Dairy farmers are being encouraged to pay closer attention to detail during the dry and transition period as one in four cull cows are reported to leave the herd during the first 60 days of lactation.*

Tom Chanter, InTouch feeding specialist said: "Good management and nutrition during the dry period is crucial and will support easier calving, improve immunity and increase milk yield during early lactation.

“However, producers typically focus their attention on the milking herd, which means cows are often poorly prepared for calving and transition into lactation. This prevents cows from achieving yield potential and increases the risk of production diseases which are associated with premature culling.”

“Components of the ration, as well as ration presentation, are both important. A high fibre, controlled energy diet, with a crud protein content of between 13 and 14 percent is recommended. Producing an optimal chop length, of between 4 and 6 cm for optimum intake and effect from fibre.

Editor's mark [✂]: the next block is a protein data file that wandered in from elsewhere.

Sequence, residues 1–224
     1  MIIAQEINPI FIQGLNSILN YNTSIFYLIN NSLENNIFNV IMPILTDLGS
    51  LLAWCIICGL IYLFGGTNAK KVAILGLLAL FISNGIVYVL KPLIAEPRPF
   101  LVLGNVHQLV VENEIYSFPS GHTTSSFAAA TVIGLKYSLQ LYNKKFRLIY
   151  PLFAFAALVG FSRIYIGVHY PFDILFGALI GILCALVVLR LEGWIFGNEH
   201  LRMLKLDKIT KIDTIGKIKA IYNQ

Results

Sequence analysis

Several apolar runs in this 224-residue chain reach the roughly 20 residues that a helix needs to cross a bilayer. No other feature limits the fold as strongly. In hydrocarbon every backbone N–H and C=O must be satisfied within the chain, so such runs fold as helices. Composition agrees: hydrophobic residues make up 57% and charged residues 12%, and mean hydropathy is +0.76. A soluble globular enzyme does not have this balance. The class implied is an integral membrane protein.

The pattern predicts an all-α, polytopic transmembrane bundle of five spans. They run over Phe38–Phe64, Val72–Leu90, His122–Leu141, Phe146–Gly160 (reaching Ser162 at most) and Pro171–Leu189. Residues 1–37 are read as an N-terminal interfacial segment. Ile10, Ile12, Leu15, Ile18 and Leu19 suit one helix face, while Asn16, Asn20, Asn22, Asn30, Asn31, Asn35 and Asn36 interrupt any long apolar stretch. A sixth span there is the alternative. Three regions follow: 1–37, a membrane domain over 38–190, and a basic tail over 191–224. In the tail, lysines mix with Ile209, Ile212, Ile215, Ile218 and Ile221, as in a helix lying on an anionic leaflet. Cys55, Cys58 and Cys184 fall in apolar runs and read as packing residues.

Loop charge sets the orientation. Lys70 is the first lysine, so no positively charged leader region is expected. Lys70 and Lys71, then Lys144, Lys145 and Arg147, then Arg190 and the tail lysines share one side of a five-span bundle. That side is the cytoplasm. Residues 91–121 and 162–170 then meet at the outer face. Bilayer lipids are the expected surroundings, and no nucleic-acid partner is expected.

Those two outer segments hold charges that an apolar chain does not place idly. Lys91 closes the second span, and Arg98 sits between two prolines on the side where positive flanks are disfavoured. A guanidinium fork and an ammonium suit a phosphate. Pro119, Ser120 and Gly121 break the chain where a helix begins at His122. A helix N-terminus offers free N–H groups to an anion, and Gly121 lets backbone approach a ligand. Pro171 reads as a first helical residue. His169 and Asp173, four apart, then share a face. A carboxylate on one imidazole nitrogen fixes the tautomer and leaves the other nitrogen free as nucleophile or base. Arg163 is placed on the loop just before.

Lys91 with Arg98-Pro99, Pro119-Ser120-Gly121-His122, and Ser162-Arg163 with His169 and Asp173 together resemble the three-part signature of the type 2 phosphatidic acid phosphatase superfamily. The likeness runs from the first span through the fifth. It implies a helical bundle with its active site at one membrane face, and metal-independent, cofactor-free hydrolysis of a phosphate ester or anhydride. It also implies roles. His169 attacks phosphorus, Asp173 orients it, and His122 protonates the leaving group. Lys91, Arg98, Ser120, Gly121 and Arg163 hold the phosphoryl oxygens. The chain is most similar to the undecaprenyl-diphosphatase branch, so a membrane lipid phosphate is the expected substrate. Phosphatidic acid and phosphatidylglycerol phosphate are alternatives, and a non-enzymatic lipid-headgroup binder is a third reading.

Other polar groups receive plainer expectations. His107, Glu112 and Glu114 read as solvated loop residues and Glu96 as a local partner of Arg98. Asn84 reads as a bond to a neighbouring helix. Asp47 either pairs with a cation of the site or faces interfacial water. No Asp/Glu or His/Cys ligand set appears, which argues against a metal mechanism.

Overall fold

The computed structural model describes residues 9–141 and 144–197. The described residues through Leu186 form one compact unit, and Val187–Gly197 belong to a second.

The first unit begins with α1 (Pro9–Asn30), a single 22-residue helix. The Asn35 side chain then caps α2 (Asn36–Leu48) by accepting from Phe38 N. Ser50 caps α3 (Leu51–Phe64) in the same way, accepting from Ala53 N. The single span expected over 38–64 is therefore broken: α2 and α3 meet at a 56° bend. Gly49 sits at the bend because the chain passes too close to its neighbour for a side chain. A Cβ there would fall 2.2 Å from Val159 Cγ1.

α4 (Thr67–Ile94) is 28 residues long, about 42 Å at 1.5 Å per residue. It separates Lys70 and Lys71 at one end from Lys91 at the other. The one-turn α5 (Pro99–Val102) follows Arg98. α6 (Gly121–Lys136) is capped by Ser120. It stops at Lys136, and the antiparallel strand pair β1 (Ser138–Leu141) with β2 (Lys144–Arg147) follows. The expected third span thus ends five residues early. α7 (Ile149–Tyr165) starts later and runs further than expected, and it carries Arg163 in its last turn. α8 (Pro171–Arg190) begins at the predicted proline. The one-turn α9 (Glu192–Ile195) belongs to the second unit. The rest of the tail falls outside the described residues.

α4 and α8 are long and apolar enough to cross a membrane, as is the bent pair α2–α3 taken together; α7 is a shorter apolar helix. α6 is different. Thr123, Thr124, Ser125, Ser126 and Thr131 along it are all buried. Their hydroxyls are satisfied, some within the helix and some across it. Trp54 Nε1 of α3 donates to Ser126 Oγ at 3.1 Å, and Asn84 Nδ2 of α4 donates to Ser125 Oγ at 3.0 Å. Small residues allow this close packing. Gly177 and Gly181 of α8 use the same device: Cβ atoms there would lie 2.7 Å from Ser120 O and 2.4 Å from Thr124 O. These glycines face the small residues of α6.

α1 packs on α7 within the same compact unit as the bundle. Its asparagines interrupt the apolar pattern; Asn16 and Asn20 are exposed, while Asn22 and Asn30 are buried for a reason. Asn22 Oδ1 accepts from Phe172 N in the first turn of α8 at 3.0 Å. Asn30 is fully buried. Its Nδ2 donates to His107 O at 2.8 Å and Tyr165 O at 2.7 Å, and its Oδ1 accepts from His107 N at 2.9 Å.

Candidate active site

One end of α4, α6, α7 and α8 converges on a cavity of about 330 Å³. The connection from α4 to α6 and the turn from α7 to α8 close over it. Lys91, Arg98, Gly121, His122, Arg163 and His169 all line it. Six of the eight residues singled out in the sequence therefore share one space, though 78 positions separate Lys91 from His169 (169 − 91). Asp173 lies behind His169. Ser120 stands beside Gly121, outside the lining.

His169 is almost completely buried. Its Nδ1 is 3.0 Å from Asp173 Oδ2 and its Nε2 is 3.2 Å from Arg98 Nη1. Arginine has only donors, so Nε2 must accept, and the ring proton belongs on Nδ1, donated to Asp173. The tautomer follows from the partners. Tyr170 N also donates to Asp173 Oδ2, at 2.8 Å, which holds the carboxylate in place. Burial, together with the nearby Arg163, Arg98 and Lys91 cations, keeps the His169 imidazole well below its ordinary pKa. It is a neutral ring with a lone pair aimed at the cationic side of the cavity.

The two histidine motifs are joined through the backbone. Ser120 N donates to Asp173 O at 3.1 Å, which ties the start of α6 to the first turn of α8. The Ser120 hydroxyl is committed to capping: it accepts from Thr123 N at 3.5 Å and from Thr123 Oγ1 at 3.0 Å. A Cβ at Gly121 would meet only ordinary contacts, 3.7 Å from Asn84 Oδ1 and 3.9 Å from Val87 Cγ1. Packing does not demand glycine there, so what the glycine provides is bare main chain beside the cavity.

“Dry cow rations tend to be quite dry which can discourage eating, so ration palatability is key. The optimal dry matter (DM) for a dry cow diet is between 42 to 45 percent. If the mix is very dry, adding water can be an effective way to overcome this.”

Mr Chanter recommends the addition of a live yeast can help prepare the rumen for transition onto the milking ration and that good mineral nutrition is critical.

“A good calcium status is vital, but high-quality trace elements including selenium, zinc and copper should also be provided. Conducting a mineral analysis of your forage can help ensure the ration is balanced and avoid specific problems such as milk fever, while trace minerals will benefit overall immunity, due to their essential role in a host of body processes.

“This is particularly important at times of physiological stress such as calving, as the cow may have a sudden requirement for increased levels of minerals. If not available, cows can be more at risk of metabolic diseases such as ketosis and retained placenta.”


*Godden et al, 2003